But all is not with that. I removed the snow effect and placed the building in-game, where none of the colours match (see attached image). The single building image is a render of the unmodified building, straight from Blender. As a note, the red/unpainted terrace is the in-game colour of the single image.

This means I'll need to find a visual filter or colour scheme to achieve the same look. Would anyone remember how it was done back in the day (with an entirely different version of Blender)? There are a lot of inaccessble textures listed in the file, which I presume are the old files representing the textures used. Could these simply be missing images/tiles for building exteriors?

Offline jamespetts

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Re: Further variations of current citybuildings
« Reply #4 on: May 03, 2020, 07:28:26 PM »
Thank you for looking into this. I do not have much experience with the buildings, so I do not know how this was done. I wonder whether a dark dirt texture overlay (just "clouds" with a dark grey or brown colour) was used to achieve the in-game look of these buildings?

Offline Spenk009

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Re: Further variations of current citybuildings
« Reply #5 on: May 06, 2020, 06:03:12 PM »
I've been barking up the wrong tree here. The colour presented is the tone underneath, rather than the original tile that James (I presume, The Hood) used, which fortunately have been preserved in ../textures/ . I've attached the render with a second, new one.


Offline Elemental

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Re: Further variations of current citybuildings
« Reply #6 on: May 11, 2020, 04:52:28 PM »
These look great!. Quite a few variations might be required though, as otherwise strange patters might emerge if multiple of these end up in a row.

Offline jamespetts

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Re: Further variations of current citybuildings
« Reply #7 on: May 13, 2020, 11:56:06 AM »
I've been barking up the wrong tree here. The colour presented is the tone underneath, rather than the original tile that James (I presume, The Hood) used, which fortunately have been preserved in ../textures/ . I've attached the render with a second, new one.



Excellent - that does look good!

Offline KneeOn

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Re: Further variations of current citybuildings
« Reply #8 on: May 19, 2020, 03:54:19 PM »
I agree with all the feedback you've been given regarding how it looks - they're really fantastic!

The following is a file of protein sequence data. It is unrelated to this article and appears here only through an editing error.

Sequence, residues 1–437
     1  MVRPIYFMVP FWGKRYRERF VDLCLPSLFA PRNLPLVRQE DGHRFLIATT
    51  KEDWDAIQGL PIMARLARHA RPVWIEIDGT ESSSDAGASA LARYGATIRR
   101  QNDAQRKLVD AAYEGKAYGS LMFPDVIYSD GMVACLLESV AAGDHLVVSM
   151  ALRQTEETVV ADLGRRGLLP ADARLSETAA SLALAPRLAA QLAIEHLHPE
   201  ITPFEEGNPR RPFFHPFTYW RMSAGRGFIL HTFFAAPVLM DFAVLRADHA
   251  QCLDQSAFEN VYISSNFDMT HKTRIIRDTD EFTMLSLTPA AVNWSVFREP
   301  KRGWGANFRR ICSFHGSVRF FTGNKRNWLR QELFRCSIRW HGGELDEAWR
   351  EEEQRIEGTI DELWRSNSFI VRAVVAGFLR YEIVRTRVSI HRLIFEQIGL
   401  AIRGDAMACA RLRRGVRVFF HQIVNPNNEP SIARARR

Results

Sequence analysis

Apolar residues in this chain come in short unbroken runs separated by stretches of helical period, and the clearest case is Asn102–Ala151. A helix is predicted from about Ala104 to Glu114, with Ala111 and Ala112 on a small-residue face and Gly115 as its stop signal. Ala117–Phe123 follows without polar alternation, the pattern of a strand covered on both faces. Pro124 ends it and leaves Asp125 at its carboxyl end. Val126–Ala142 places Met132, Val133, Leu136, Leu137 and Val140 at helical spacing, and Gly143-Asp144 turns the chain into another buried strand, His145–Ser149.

The red brick colour is bang on. The painted ones are too, but that red brick colour sits nicely between being true to life without screwing up the general muted look that the set has. Excellent work!

Offline Spenk009

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Re: Further variations of current citybuildings
« Reply #9 on: June 20, 2020, 01:15:42 PM »
Thank you for your messages, I'm glad people are interested in a more varied appearance of PakBritain. Also, my apologies for my absence this last month. I've been very busy fighting on many fronts these past weeks (Covid-related) and didn't want to post without some progress.

Here are some timber framed houses, a common sight in the 18th century. Mill Street in Warwick is the inspiration here, although I couldn't achieve the non-uniform look they have.

They require a little more detail, small placement fixes, changes in material to better reflect the look. Additionally, a few more variations in the non-driveway versions is the goal for these.

Next are some small terraced cottages:

They are still too bright and leave too little room for a pathway around the back. Adding some trees and maybe some rubbish might look more realistic.



Some further questions:
    • Is there a way of specifying a building to go on a corner? I thought the Building Rules section in cityrules.tab pointed to something along the lines, but it doesn't quite look like it after all.
    • I have trouble with materials, where I would like to change the roof on some of the buildings to slate, but cannot seem to get the material working. A Blend file is here, where the scene in question is 1910-sdc2. The buildings are small cottages as attached below.